Iíll be comfy doing fake riding and fake racing all winter long inside rather have my nostrils frozen solid with snot or be covered with dirty road slush from passing trucks. Thank you very much.
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Old 10-05-21, 07:13 PM
  #43  
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riding is riding

out or in
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Old 10-05-21, 09:33 PM
  #44  
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Originally Posted by wolfchild View Post
Zwift is not real cycling...I live up in Canada and you're not going to find me performing fake rides on some computer screen. I prefer to ride outdoors all winter long.
Technically, yes, itís a different system. You are not doing work to move your body and the bike forward against external forces. You are dissipating your effort in the machine in some fashion and no work is done on you or the bike.

I have the same preference, but thatís all it is. Iíd rather ride outdoors. On the few occasions where that wonít work out, Iíd rather use my elliptical, which is kinda like riding out of the saddle all the time, or some other indoor workout where Iím not on a stationary bike.

But itís clear that Zwift can keep lots of people engaged and in good cycling shape through the winter, and thatís gotta be a good thing.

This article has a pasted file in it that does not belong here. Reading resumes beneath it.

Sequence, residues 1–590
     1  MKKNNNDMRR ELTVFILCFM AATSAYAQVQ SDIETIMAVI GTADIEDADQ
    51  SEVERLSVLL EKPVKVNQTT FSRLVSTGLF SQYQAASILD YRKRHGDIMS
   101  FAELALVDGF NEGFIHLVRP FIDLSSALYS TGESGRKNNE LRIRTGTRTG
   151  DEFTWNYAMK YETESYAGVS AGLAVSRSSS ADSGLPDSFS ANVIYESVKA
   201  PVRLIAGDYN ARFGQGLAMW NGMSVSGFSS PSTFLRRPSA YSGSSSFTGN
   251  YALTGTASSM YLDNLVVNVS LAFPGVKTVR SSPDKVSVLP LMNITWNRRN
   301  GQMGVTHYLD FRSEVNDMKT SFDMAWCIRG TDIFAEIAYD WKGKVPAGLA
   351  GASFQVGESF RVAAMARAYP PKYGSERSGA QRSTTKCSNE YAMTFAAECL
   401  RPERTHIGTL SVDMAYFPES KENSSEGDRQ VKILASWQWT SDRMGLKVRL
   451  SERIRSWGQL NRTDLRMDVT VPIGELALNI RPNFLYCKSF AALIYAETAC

Otto
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Old 10-06-21, 02:58 AM
  #45  
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Originally Posted by wolfchild View Post
Zwift is not real cycling...I live up in Canada and you're not going to find me performing fake rides on some computer screen. I prefer to ride outdoors all winter long.
Fake rides, real fitness.
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Old 10-06-21, 04:54 AM
  #46  
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the pros are on the trainer and hydrating to boost plasma levels to pass the Hct test

i rarely get doms but i also rarely do the type of workout that causes it and i don't think doms has anything to do with lactate or H+....
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Old 10-06-21, 07:36 AM
  #47  
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Originally Posted by PeteHski View Post
Fake rides, real fitness.
Thatís clever. You should suggest that to Zwift!

Otto
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Old 10-06-21, 10:20 AM
  #48  
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Originally Posted by zandoval View Post
Makes since. Mustard is high in metabolic Magnesium. And its not really the amount of Magnesium but rather the fact it is already in metabolic form and readily absorbed. Magnesium helps with those Calcium and Potassium channels in muscular tissue contraction.